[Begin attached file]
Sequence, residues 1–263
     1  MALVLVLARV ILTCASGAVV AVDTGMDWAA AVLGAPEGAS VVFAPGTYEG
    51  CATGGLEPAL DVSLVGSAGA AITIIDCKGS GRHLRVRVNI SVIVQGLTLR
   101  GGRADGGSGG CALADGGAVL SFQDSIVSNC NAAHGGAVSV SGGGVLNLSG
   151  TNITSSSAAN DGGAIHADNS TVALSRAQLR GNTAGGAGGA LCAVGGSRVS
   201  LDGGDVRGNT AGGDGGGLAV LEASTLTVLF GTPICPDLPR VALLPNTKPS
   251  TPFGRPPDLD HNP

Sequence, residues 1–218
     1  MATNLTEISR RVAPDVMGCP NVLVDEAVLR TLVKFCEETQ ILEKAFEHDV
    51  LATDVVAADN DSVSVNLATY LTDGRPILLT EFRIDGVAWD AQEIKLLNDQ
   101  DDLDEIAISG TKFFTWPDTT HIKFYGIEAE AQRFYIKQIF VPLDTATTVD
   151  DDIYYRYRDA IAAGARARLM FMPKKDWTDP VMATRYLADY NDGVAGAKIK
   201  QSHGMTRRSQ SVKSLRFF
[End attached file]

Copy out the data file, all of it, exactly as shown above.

Sequence, residues 1–263
     1  MALVLVLARV ILTCASGAVV AVDTGMDWAA AVLGAPEGAS VVFAPGTYEG
    51  CATGGLEPAL DVSLVGSAGA AITIIDCKGS GRHLRVRVNI SVIVQGLTLR
   101  GGRADGGSGG CALADGGAVL SFQDSIVSNC NAAHGGAVSV SGGGVLNLSG
   151  TNITSSSAAN DGGAIHADNS TVALSRAQLR GNTAGGAGGA LCAVGGSRVS
   201  LDGGDVRGNT AGGDGGGLAV LEASTLTVLF GTPICPDLPR VALLPNTKPS
   251  TPFGRPPDLD HNP

Sequence, residues 1–218
     1  MATNLTEISR RVAPDVMGCP NVLVDEAVLR TLVKFCEETQ ILEKAFEHDV
    51  LATDVVAADN DSVSVNLATY LTDGRPILLT EFRIDGVAWD AQEIKLLNDQ
   101  DDLDEIAISG TKFFTWPDTT HIKFYGIEAE AQRFYIKQIF VPLDTATTVD
   151  DDIYYRYRDA IAAGARARLM FMPKKDWTDP VMATRYLADY NDGVAGAKIK
   201  QSHGMTRRSQ SVKSLRFF